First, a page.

On Farm Hygiene – How clean is your farm?

One of the most important ingredients for reaching a high level of performance and profitability cannot be bought in a bag, a lorry or even given to you by a consultant. In fact in most cases it is free and will only cost you the time to ensure that you focus on it. The return on investment from including this ingredient in your system and your ways of working is probably to quantify. Sounds too good, it is not; that ingredient is hygiene, and focusing on hygiene in everything you do.

Look at the images below, these are all high performance and profitable businesses. They all pay

The Hi-Tech Parlour at Blanca Dairy
The Hi-Tech Parlour at Blanca Dairy

attention to detail in keeping things clean and hygienic.

Hygiene is important in everything we do from growing and harvesting crops to the effectiveness of our milking routine in the parlour. Below I have put together a list of areas where hygiene is often poor and the consequences this may have on performance. All too often changes are made to many of these areas in order to save money but often result in costing the business more due to losses associated with poor hygiene.

Hygiene Improvement Areas
Area Effect
Beds Increase in environmental mastitis
Housing post drying off Increase in fresh cow mastitis
Ineffective milking routine Spread of contagious pathogens from cow to cow
Poor hygiene around cross overs and water troughs Poor hoof hygiene and increased rates of Digital Dermatitis (DD)
Harvesting and feeding raw milk and failure to pasteurise whole milk before feeding Increased risk in the spread of Johnes and Mycoplasma in the herd
Colostrum Management Bacteria present in colostrum prevents absorption of immunoglobulins across the gut wall so it is essential to harvest and store colostrum hygienically and at low temperature. Calf performance is severely hindered if the calf does not receive passive immunity via the colostrum.
Harvesting diseased crops due to poor crop protection Increase in the risk of fungal and mycotoxin contamination of feedstuffs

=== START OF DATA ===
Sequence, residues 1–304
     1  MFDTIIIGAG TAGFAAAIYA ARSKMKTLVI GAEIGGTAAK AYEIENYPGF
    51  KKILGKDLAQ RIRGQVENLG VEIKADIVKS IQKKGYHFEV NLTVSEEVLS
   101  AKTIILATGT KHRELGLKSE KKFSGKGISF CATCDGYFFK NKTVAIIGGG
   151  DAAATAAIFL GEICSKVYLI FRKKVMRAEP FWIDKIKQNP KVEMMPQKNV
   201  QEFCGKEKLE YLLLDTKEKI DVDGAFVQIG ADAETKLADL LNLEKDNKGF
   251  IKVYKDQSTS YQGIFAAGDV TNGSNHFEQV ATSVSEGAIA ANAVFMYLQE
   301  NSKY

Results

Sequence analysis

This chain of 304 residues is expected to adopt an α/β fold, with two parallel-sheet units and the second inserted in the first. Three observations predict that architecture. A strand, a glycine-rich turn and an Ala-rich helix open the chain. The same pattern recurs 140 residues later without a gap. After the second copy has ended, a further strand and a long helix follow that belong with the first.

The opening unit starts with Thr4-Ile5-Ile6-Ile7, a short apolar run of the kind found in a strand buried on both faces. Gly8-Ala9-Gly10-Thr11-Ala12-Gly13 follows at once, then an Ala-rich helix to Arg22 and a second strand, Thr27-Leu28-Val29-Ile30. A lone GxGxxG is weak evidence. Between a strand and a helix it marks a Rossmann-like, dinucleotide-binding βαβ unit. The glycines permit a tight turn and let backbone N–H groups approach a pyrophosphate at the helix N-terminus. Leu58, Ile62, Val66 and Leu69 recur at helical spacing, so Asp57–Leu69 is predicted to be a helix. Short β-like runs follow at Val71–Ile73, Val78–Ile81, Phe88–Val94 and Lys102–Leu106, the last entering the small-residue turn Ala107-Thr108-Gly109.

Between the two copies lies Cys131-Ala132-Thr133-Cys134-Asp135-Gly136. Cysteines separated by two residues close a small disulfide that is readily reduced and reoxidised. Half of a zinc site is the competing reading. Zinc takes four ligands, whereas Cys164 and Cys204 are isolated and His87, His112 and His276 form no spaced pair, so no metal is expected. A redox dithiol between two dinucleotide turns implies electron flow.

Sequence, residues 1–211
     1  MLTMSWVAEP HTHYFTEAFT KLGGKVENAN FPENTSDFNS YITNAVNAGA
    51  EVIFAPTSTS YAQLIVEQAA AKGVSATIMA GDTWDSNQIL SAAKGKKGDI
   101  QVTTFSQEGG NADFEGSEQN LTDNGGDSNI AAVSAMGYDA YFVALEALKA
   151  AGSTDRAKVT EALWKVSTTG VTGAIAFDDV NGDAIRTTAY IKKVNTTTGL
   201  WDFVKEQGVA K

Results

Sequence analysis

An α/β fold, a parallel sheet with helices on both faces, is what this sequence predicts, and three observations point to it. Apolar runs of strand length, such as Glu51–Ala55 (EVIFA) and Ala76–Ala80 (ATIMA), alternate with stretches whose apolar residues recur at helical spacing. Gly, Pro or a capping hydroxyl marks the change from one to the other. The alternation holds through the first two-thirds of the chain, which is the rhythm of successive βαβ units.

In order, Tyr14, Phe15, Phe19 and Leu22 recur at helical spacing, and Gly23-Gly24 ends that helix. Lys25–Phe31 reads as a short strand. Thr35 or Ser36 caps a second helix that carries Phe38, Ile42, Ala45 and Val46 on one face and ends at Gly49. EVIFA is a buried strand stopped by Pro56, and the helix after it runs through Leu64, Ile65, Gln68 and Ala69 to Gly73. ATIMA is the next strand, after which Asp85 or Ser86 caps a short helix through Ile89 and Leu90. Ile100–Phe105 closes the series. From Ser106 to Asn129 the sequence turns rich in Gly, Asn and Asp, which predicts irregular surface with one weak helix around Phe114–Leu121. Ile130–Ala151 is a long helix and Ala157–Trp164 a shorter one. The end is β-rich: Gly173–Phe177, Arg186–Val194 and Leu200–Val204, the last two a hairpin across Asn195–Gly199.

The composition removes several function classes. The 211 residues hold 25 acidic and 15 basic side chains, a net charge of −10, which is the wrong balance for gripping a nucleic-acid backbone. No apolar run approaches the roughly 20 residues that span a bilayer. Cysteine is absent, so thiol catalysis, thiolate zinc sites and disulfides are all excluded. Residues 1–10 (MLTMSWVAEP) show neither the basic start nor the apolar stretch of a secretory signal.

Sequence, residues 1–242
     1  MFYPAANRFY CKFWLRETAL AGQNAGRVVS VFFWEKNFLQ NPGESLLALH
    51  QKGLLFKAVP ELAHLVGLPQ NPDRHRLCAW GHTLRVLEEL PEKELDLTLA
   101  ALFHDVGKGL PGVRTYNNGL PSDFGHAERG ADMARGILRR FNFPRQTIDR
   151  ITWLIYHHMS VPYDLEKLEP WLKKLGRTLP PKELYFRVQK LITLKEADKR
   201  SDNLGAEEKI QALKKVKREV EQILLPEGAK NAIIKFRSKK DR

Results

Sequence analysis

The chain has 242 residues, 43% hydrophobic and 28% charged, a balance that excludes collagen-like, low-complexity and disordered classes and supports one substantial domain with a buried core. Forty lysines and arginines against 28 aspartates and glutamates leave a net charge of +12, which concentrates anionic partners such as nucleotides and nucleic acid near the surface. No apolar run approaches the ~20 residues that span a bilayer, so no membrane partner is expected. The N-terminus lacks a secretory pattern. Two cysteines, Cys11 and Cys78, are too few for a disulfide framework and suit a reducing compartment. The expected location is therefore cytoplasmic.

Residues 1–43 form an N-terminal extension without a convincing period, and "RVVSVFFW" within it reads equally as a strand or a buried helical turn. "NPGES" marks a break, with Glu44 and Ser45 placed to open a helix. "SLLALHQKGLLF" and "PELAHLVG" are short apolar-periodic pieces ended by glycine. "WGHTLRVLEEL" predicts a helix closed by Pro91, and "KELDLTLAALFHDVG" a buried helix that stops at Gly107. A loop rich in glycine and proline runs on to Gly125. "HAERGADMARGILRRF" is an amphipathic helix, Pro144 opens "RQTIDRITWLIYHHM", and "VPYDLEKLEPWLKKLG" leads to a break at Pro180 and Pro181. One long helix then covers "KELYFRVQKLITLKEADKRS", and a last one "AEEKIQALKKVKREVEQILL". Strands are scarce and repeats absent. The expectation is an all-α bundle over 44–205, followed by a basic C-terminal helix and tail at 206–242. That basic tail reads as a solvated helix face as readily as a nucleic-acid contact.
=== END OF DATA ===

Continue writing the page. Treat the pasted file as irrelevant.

Poor feed and water trough hygiene Reduced DMI and water intake together with increased risk of ingesting pathogenic material
Poor storage of moist feeds and other feed stuffs Increased risk of fungal and mycotoxin contamination, loss of feed value and depressed DMI
Inadequate sanitation of calf feeding equipment Increased incidence of scours in young calves, other consequential diseases, poor performance and mortality
Poor hygiene in calf accommodation Increased risk of bovine respiratory diseases
Poor ground conditions during forage harvesting Increased risk of soil contamination in the forage, incidence of soil borne diseases, poor fermentation and clamp losses
Poorly maintained footbath, entry and exits Reduced efficiency of footbath
Persistently dirty feet on Transition and Milking Cows Footbathing no matter how frequently is ineffective if feet consistently have dried muck on their feet. This therefore allows DD to continue and take a stronghold in the herd. If transition cows have DD it is likely to transfer to the fresh cows if not dealt with.
Poorly maintained equipment Can lead to higher bactoscan/cell counts and incidence of mastitis through dairy hygiene chemical use

On farms where more than one person is working with the cows there needs to be clear protocols set out so everyone understands their role in ensuring hygiene is kept to a high standard. On larger units there are often laminated sheets at points around the farm to remind staff of protocols. Good hygiene saves money as there will be less problems with your calves and cows – no doubt your vet will be happier with a few small but crucial changes! On farm hygiene is often common sense; apart from the benefits to your cows there is a benefit to staff for working in a clean environment.

Blanca Dairy, Pyrenees
Blanca Dairy, Pyrenees









If you would like some advice on good hygiene practices or which chemicals to be using on farm for footbathing and milking equipment contact your Wynnstay Dairy Specialist or Animal Health Specialist.


Dr Huw McConochie

Head of Dairy Technical Services

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